China scholar and journalist Dr. Willy Lam has written to the Committee for U.S. International Broadcasting (CUSIB) in support of continuing Voice of America (VOA) radio and television broadcasts in Cantonese and Mandarin to China. CUSIB is an independent nongovernmental organization which supports broadcasting and other media programs from the United States to countries practicing press censorship. The Obama Administration had tried earlier to end VOA broadcasting to China but reversed its decision following protests from members of the U.S. Congress, media freedom groups and human rights organizations.
In his letter to CUSIB, Dr. Lam writes that “Given the extreme unlikelihood that the Chinese Communist Party administration will lift its draconian censorship any time soon, stoppage or truncation of VOA’s Chinese-language services would be a blow to those interested in Chinese affairs both in and out of China.”
Dr. Lam stressed that the previously proposed ending of these broadcasts by the Broadcasting Board of Governors (BBG), a federal U.S. agency which manages the Voice of America, would “also hurt American soft power at a time when President Obama is underscoring the imperative of the United States being ‘back in Asia’.”
The BBG has subsequently withdrawn its plan to end the broadcasts after members of the U.S. Congress from both parties voted to restore funding for VOA radio and TV programs to China. BBG executives claimed that they planned to invest in expanding VOA Chinese Internet programming. The Internet is heavily censored in China.
Dr. Lam, a former correspondent and editor for Hong Kong’s South China Morning Post, is one of the world’s most authoritative China-Watchers. He left the newspaper in 2000 as the Chinese government intensified its censorship of the press. He has published several books on China, including Chinese Politics in the Hu Jintao Era.
Dr. Lam is currently a professor at the Chinese University of Hong Kong and the Akita International University, Japan. He is also a Senior Fellow at Jamestown Foundation (www.jamestown.org), a leading foreign-policy think tank in Washington D.C.
January 1, 2012
Committee for U.S. International Broadcasting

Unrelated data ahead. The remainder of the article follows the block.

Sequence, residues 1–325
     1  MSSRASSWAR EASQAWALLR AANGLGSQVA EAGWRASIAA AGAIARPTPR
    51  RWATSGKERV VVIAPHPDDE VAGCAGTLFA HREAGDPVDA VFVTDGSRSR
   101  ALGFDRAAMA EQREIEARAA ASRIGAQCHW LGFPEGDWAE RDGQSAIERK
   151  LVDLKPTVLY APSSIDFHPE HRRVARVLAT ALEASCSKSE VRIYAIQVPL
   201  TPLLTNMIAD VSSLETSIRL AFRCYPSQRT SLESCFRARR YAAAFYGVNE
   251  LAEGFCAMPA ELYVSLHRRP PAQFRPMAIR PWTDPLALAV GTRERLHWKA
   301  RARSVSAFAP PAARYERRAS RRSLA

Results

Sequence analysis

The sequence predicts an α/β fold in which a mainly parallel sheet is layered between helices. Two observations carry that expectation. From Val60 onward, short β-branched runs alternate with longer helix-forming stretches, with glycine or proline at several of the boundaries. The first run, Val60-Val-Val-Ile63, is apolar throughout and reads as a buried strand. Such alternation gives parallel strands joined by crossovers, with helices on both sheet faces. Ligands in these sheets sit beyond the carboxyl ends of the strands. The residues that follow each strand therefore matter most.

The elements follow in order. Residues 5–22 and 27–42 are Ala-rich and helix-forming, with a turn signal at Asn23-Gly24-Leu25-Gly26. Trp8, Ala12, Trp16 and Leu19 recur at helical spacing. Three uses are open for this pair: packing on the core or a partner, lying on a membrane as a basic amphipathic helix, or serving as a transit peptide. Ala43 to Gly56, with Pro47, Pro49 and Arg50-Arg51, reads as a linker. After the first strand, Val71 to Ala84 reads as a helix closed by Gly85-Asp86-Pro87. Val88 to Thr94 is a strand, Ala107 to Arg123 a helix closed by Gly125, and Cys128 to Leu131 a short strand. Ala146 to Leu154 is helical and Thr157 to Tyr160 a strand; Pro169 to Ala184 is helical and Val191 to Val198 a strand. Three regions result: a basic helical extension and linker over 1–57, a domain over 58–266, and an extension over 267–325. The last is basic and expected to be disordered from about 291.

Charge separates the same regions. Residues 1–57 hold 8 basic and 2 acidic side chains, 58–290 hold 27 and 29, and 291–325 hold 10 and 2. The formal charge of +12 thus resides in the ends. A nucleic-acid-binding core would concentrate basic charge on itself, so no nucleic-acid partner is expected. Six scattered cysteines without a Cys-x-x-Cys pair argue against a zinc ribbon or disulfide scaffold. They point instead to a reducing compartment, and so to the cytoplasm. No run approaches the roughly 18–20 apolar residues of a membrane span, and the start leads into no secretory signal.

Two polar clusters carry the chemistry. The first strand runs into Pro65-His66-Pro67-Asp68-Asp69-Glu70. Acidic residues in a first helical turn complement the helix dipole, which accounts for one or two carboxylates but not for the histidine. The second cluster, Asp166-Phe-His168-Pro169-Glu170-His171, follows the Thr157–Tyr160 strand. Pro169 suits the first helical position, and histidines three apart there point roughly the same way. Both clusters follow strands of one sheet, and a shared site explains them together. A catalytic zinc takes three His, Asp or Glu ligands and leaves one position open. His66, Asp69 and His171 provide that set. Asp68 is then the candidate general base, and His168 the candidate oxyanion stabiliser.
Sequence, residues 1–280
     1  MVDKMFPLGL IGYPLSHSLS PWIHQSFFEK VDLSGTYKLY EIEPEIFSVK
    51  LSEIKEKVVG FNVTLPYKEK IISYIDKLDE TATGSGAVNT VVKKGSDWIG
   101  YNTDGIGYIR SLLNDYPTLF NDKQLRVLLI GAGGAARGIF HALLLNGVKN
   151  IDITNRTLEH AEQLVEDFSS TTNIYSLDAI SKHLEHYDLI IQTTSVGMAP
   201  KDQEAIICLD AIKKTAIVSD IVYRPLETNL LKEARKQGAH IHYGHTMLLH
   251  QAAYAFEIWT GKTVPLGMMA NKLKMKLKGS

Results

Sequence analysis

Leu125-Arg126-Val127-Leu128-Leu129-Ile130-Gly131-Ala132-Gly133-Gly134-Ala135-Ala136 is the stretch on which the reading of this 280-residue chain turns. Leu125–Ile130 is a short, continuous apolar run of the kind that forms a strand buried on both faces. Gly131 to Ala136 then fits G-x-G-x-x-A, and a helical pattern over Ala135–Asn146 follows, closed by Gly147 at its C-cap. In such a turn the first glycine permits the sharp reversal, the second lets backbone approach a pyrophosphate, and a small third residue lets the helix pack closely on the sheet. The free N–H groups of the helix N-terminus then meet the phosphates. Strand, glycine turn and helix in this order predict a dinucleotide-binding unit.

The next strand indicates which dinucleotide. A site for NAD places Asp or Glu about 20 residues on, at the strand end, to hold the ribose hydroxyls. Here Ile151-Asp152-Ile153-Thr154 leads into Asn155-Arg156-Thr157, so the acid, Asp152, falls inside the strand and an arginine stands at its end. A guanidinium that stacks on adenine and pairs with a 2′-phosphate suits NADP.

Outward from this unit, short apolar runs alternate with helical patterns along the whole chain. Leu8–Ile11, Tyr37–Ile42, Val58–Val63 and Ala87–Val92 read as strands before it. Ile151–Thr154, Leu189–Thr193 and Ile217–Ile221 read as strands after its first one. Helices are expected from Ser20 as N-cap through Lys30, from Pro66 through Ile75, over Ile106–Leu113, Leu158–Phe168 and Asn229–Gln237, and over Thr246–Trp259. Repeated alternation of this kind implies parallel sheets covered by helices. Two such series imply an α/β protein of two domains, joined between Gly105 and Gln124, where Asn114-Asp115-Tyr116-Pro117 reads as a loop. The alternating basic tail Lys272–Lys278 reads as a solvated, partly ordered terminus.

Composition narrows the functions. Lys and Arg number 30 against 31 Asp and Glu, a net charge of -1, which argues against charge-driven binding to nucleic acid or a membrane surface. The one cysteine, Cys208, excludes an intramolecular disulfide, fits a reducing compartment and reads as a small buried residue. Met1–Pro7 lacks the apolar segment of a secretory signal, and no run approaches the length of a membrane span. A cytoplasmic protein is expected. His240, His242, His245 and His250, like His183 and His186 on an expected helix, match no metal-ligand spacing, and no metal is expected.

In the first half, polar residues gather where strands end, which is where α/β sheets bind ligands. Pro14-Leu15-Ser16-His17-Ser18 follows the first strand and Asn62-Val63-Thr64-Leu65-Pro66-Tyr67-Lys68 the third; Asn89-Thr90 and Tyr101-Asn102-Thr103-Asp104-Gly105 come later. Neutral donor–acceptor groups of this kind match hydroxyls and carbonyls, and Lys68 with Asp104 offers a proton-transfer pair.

Testimony in support of VOA’s Chinese-language Services
I write to support the unlimited continuation of the Chinese-language services of VOA.
As a college teacher of Chinese affairs and a regular commentator on Chinese politics for the international media, I find the reporting on VOA’s Chinese services essential for an adequate understanding of the fast-changing country. My friends in China in particular say they depend on VOA for information and analysis about their own country.
Given the extreme unlikelihood that the Chinese Communist Party administration will lift its draconian censorship any time soon, stoppage or truncation of VOA’s Chinese-language services would be a blow to those interested in Chinese affairs both in and out of China. It will also hurt American soft power at a time when President Obama is underscoring the imperative of the United States being “back in Asia.”
While a number of other media also provide Chinese-language broadcasts, it is my deeply held conviction that VOA’s long history and unrivalled networks in China, plus the unique talents of its dedicated staff, have rendered its Chinese-language services indispensable.
Even though the mood in Washington and elsewhere may be to cut government spending, it would be a mistake to disable a vehicle that has helped millions of people understand what many have called the world’s “next superpower.” VOA’s Chinese services have also served as a valuable cultural bridge between the U.S. and China even as they help to spread American and international norms among hundreds of thousands of Chinese intellectuals who are avid VOA fans.
Dr. Willy Wo-Lap Lam
Adjunct Professor of History & Political Economy,
Chinese University of Hong Kong;
Select Professor of China Studies,
Akita International University, Japan.